The death of Queen Elizabeth II will leave an enormous void. One fears for the future of the British monarchy in her absence. She represented dignity and standards in an age largely without them. Unfortunately, even the children and grandchildren she leaves behind reflect that coarsened culture. They clearly don’t possess the royal manners and ethic of monarchical duty that she embodied so well. Does anyone really think that her scandal-plagued son Charles, now King Charles III, can adequately replace her? The days ahead will be dark and difficult for the British monarchy.
The woke culture that her grandson Prince Harry and his wife Meghan, the Duchess of Sussex, represent is utterly hostile to the institutions of Western civilization, including the British monarchy. One wonders: Can it survive an age of hostility to western “privilege,” especially if it is led by woke liberals in thrall to that age? Elizabeth was wisely apolitical and supportive of tradition, but her son has always gravitated toward the causes of the global Left. Can he resist the forces of wokeness? Through her impervious solidity, the late queen held leftist iconoclasts back for decades. Her successors are unlikely to possess that fortitude.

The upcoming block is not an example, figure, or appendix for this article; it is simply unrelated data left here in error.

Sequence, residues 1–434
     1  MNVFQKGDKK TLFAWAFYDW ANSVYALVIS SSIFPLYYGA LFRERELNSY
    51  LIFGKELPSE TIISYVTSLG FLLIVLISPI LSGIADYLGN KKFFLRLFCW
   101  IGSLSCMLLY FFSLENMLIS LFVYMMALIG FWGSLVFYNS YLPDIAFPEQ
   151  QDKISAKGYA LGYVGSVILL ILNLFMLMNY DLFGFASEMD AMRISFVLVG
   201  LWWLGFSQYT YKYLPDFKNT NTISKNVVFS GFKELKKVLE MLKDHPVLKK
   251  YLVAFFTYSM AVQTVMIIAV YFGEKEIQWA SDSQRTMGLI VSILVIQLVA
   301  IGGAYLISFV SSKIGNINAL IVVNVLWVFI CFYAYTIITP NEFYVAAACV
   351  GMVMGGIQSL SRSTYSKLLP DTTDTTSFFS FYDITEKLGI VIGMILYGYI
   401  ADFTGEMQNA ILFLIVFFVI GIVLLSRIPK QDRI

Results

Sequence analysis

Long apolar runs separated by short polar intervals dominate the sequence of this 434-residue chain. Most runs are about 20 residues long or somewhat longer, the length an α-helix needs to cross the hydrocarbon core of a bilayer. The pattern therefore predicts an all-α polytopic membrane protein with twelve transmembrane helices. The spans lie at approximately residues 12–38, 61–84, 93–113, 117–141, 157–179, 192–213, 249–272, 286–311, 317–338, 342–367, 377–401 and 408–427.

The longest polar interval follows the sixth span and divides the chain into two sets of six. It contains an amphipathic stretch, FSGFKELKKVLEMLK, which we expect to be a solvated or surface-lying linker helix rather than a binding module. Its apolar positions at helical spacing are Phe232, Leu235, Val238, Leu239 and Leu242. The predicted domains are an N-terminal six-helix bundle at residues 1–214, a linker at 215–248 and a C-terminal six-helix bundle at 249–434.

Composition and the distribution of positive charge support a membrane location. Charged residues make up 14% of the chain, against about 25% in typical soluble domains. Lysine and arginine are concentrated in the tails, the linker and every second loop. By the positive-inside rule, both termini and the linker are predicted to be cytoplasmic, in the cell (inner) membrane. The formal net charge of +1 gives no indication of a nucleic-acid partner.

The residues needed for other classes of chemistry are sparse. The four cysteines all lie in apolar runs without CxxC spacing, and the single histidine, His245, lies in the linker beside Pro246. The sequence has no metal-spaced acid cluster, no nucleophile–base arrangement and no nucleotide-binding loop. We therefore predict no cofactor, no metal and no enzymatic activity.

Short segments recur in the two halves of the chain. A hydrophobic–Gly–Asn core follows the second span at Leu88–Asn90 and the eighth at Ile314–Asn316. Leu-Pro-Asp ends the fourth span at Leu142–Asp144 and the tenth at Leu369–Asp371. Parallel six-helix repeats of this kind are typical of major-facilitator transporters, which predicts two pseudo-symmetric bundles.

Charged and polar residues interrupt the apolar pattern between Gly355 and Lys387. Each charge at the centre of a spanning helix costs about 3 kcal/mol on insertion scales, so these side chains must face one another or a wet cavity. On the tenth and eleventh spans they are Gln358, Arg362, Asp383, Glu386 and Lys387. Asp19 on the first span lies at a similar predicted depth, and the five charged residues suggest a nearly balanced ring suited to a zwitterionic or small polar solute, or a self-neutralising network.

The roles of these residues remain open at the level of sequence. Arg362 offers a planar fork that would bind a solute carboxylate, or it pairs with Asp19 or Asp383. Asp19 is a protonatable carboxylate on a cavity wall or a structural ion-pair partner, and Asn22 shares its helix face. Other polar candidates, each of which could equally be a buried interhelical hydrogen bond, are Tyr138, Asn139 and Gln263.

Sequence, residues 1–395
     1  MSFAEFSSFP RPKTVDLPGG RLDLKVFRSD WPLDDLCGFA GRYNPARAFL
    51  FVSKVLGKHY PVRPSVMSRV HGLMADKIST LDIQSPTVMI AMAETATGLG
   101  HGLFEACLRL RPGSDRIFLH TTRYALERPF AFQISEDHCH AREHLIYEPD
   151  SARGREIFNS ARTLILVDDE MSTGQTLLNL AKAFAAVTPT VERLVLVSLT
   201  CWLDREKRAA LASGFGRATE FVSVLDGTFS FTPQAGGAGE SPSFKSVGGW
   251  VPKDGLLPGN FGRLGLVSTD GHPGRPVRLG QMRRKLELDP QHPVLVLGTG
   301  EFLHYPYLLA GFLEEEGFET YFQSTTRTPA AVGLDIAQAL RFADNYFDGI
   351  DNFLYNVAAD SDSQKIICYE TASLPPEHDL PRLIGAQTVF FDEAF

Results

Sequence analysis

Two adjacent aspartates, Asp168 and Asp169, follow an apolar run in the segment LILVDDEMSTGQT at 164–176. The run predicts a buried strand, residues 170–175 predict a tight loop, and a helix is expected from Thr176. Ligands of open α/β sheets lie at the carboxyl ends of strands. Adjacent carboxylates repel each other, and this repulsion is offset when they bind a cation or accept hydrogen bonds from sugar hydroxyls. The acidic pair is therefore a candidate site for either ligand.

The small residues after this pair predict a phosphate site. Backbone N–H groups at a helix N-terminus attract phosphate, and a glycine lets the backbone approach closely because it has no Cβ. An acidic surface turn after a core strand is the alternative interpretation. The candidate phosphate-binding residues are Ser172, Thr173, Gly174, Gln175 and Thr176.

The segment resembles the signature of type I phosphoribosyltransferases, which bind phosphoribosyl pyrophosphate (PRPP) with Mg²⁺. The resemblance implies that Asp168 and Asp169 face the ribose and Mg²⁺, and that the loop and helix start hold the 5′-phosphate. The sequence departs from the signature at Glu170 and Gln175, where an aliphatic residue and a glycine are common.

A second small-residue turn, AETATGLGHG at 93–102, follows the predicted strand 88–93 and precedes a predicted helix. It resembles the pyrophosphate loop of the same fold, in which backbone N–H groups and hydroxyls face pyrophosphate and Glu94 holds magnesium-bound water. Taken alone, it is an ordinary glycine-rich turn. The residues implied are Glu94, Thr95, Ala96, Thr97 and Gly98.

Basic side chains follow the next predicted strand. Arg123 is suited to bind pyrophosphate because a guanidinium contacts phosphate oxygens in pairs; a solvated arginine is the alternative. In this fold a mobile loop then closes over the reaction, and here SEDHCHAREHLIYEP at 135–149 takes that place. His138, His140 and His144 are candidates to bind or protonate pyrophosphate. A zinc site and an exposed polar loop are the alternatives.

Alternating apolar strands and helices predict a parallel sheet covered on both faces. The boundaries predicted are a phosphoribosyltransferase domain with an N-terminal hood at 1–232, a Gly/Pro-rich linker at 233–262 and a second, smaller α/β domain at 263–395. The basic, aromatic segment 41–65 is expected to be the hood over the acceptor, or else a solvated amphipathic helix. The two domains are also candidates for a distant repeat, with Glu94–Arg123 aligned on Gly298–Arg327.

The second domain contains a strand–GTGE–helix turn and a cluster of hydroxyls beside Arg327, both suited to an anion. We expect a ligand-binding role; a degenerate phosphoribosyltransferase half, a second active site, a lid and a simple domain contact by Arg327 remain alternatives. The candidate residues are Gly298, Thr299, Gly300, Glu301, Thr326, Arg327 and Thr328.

Much of the coverage of Elizabeth’s death notes that her ascent to the throne was accidental. It could have been occupied by her uncle King Edward VIII for many years, but he abdicated in 1936, making her father, George VI, king and thereby putting Elizabeth on the throne after George’s death. None of the media coverage mentions that the real reason for the Edward’s abdication was not that he married a divorced American but that he was a Nazi-sympathizing political fool. The British elites were more offended by his politics than by his marriage. After his abdication, he posed such a serious threat during World War II as a royal who might collude with Hitler that then–Prime Minister Winston Churchill had him sent to the Bahamas as its “governor.”
Queen Elizabeth II spared Great Britain from Edward’s misrule and ended up reigning for 70 years, making her the longest-serving monarch in British history. To the extent that Great Britain remained great, it was due to her probity and dutifulness — her very presence recalled the country’s more glorious days. The last echoes of the British empire have now fallen silent with her death.